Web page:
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SelectSys

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See the following two stories regarding increased flight frequencies, city pair movement and a few new destinations.  What I find interesting is that Norwegian Air may now be a viable option for cruisers from Europe departing a couple of ports in South America.  

 

https://www.usatoday.com/story/travel/flights/todayinthesky/2018/11/28/norwegian-air-miami-san-francisco-boston-new-flights/2130019002/

https://www.usatoday.com/story/travel/flights/todayinthesky/2018/11/27/norwegian-airs-route-map-expands-brazil-rio-de-janeiro-flights/2125066002/

 

 

 

 

 

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Thank you for the update. Maybe too fast expanding. 

When you book make sure you do have insurance coverage in case Norwegian will be out of business - and make sure that you are traveling some days before your cruise - can easily be several days delayed in case of problems with flights.

Also check additional fees when booking as well as luggage allowance  - normally a limit og 20 kg (44 lbs)

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5 hours ago, hallasm said:

....and make sure that you are traveling some days before your cruise - can easily be several days delayed in case of problems with flights...

 

I always give myself at least a couple of days in advance of the cruise if I am flying long haul to meet the cruise.  I was happy to see was an increase in flight frequencies from LAX (my nearest Norwegian airport) which should help alleviate delays when one Norwegian flight gets delayed or cancelled. . 

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15 hours ago, hallasm said:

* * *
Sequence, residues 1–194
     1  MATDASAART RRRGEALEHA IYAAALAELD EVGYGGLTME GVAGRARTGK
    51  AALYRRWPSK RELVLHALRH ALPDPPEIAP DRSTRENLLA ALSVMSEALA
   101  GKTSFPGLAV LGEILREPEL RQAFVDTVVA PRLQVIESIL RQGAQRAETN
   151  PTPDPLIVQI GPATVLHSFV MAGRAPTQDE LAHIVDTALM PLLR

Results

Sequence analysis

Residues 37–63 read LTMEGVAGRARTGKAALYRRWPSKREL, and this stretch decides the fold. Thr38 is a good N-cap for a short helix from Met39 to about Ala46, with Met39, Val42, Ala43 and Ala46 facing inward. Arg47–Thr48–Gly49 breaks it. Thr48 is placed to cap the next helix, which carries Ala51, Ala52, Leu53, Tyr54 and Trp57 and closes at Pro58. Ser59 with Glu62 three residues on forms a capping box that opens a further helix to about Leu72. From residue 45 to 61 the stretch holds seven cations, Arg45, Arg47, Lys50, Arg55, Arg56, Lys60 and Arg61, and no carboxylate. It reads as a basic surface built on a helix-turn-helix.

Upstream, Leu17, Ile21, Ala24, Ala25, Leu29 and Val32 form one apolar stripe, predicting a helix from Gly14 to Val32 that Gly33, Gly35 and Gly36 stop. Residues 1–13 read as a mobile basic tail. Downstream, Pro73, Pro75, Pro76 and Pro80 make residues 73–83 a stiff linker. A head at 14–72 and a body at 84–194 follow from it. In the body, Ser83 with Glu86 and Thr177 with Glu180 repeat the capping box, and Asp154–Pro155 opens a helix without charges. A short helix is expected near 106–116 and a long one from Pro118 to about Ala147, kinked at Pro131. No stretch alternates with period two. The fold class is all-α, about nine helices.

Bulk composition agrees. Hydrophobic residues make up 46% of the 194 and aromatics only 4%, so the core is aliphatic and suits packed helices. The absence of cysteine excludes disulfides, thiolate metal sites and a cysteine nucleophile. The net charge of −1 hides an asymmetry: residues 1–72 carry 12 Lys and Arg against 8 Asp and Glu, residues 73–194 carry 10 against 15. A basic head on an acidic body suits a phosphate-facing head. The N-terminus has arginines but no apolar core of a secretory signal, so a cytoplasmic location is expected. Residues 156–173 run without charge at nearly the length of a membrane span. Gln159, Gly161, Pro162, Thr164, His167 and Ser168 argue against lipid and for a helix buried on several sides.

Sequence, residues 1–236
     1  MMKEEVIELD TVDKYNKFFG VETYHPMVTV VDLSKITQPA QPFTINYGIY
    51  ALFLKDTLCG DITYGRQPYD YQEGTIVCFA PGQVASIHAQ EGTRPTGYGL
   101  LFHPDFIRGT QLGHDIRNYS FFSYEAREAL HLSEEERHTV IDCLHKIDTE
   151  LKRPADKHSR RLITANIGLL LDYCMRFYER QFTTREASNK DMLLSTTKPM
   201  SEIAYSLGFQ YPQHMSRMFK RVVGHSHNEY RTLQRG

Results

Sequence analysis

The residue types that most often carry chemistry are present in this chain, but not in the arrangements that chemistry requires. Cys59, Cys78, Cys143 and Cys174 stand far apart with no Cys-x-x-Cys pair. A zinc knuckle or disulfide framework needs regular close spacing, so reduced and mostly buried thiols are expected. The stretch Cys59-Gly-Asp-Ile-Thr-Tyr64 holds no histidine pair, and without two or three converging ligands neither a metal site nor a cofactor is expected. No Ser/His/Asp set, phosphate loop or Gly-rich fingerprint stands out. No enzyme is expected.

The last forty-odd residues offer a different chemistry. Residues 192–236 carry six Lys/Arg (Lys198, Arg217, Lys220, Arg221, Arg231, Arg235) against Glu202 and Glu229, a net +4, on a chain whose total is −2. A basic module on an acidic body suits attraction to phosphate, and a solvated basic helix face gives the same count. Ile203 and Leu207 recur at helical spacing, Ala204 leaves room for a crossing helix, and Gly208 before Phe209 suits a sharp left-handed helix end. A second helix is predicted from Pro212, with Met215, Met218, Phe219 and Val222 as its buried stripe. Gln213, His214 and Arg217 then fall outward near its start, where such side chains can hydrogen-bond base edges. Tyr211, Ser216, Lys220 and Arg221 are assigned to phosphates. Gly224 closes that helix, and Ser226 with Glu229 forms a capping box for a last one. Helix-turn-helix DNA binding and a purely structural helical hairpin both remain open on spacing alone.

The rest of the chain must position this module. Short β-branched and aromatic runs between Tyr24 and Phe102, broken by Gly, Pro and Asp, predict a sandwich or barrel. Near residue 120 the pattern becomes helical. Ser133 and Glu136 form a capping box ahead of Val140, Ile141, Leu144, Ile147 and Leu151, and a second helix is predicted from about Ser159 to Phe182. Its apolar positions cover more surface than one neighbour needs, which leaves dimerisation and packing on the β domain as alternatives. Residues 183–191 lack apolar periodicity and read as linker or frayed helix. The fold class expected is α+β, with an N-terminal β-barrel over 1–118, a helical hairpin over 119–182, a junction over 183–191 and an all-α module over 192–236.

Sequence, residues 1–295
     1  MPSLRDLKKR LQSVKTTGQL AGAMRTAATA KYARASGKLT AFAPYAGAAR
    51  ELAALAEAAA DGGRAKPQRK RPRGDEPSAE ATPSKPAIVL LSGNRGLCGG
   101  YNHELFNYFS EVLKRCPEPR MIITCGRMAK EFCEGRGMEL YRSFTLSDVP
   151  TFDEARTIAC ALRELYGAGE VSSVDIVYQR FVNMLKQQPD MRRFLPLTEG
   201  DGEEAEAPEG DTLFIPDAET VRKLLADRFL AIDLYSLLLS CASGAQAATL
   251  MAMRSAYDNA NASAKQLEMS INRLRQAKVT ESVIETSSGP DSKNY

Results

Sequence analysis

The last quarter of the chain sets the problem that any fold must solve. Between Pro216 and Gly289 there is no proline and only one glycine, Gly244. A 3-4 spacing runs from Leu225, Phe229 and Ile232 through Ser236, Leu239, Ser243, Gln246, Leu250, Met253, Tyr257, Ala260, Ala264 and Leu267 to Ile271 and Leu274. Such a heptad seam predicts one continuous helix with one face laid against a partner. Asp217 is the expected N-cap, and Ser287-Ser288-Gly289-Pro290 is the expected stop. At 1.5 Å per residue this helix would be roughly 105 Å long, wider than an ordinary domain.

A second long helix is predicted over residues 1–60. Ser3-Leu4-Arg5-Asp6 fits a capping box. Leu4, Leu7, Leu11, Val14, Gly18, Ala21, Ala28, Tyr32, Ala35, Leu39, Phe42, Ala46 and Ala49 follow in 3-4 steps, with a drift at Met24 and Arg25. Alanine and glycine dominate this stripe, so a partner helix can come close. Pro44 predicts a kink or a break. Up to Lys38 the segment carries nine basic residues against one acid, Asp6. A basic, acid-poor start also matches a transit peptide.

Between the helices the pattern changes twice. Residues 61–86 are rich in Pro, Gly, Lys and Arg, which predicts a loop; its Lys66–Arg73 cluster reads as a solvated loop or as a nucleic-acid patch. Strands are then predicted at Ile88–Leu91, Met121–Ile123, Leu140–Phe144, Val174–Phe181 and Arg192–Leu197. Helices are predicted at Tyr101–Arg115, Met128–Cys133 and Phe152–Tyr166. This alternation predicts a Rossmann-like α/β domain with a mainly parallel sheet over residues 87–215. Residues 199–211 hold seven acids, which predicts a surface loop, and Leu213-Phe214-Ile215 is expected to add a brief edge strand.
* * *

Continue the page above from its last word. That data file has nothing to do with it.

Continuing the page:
Thank you for the update. Maybe too fast expanding. 

When you book make sure you do have insurance coverage in case Norwegian will be out of business - and make sure that you are traveling some days before your cruise - can easily be several days delayed in case of problems with flights.

Also check additional fees when booking as well as luggage allowance  - normally a limit og 20 kg (44 lbs)

 

Yes, at this point, I do admit my concerns about Norwegian's viability within the next 6-12 months. I wish them the best, but personally would be a bit concerned relying on them.

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55 minutes ago, Zach1213 said:

Yes, at this point, I do admit my concerns about Norwegian's viability within the next 6-12 months. I wish them the best, but personally would be a bit concerned relying on them.

 

The announced increase in Norwegian flights isn't itself a sign of health. It's only a sign that they've got new aircraft coming. The aircraft have got to be used somewhere. Because they're new, it's particularly damaging financially for the airline to not operate them. (Other airlines that have older aircraft, which are basically paid for, can just park them at minimal cost if they can't be flown profitably.)

 

The article on Wow to which I linked in the other Norwegian thread observed how Wow used to be doing the same - appear to be expanding unstoppably. Yet Wow is currently at serious risk of going under in the short term.

 

What is helping Norwegian at the moment is the oil price, which is soft and it seems under sustained attack in that direction from hedgies. If the oil price stays low/lower, they have a better chance of getting through the winter without succumbing to a fatal illness.

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1 hour ago, Globaliser said: